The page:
Wednesday, August 19, 2009

War of the Words

I often find it amusing to see how often The War of the Worlds radio broadcast of 1938 is used as the go to metaphor in doom and gloom stories. I would not normally mention a specific example, but I am strongly impelled to in this case as it gives me an opportunity to deviate off message and register my disgust at the negative attacks on the NHS presently clogging the American press.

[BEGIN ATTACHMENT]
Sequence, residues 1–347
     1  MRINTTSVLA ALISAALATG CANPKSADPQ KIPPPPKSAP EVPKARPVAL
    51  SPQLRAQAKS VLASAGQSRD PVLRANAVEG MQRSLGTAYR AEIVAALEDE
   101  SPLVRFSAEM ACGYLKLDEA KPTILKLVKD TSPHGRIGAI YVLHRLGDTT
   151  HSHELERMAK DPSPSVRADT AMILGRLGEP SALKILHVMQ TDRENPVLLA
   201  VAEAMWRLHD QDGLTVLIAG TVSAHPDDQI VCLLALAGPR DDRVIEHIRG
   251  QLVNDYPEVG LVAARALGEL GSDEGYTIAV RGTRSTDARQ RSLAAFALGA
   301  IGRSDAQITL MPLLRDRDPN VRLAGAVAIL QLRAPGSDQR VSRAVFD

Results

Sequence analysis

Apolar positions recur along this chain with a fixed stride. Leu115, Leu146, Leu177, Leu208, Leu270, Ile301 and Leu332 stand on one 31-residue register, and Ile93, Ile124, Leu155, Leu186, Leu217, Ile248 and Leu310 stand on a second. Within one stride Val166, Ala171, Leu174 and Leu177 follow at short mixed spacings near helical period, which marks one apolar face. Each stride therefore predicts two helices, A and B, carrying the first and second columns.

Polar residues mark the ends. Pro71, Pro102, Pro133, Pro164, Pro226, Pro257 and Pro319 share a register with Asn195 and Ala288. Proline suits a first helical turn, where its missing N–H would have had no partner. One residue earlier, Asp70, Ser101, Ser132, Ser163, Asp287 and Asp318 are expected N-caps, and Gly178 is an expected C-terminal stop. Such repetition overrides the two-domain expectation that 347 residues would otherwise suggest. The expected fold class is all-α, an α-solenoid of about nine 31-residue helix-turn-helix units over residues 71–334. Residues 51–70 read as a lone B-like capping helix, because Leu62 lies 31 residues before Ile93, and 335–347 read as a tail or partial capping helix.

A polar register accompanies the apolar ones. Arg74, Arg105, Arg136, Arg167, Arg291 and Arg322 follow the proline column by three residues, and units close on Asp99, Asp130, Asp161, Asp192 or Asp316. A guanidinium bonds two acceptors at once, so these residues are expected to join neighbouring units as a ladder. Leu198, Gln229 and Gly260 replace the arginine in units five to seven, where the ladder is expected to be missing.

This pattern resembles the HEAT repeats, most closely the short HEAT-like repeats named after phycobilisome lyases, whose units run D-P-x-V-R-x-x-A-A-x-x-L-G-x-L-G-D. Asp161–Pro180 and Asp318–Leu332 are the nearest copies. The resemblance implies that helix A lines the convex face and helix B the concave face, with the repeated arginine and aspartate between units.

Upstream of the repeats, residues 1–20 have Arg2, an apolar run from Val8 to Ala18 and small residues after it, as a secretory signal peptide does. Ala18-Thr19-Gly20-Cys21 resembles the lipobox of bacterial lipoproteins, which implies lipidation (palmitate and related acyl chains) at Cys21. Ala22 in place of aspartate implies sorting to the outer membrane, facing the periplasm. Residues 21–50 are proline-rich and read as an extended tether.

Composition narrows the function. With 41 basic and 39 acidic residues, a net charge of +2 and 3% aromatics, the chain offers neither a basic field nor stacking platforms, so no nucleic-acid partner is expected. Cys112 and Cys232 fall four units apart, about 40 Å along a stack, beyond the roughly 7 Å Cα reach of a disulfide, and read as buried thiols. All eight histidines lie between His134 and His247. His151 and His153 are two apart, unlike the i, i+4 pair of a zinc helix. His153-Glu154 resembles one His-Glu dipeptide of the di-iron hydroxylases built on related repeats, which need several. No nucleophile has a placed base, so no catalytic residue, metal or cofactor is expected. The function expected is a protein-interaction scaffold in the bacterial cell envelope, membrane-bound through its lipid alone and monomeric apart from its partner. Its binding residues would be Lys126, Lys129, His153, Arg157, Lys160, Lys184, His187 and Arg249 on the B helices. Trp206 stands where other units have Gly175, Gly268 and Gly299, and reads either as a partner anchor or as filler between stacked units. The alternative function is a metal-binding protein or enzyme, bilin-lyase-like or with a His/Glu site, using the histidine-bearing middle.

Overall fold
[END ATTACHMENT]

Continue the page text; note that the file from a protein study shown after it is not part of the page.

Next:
I’m a British resident with a mother in her 80s and I also have a young daughter, so I can talk from experience of both ends of the spectrum. I’m particularly incensed that according to certain American commentators and politicians, my mother should be dead under the NHS. Well, here’s the truth. She would be dead, if NOT for the NHS. During a recent serious illness, at no point did anyone suggest she should be discarded, tossed aside, left to die! She was treated without question of cost – in fact, when we suggested that private care might be best to speed things up (because yes, the NHS can be slow) her consultant, (who would have pocketed the fee) urged us to stick with the NHS as he would have better access to the full suite of medical resources. My daughter also has had exemplary treatment. What American commentators seem to forget in their pathological hatred of anything that smacks of socialism, is that here in the UK, you can get private care quite easily, so we’ve got the best of both worlds. I’ve seen television programs showing thousands of impoverished Americans turning up at charity health fairs, some having travelled hundreds of miles in a desperate quest for free treatment. So how dare the right wing disparage our NHS when America clearly can’t look after its own people with anything approaching care and dignity. Rant over. Normal service will now be resumed.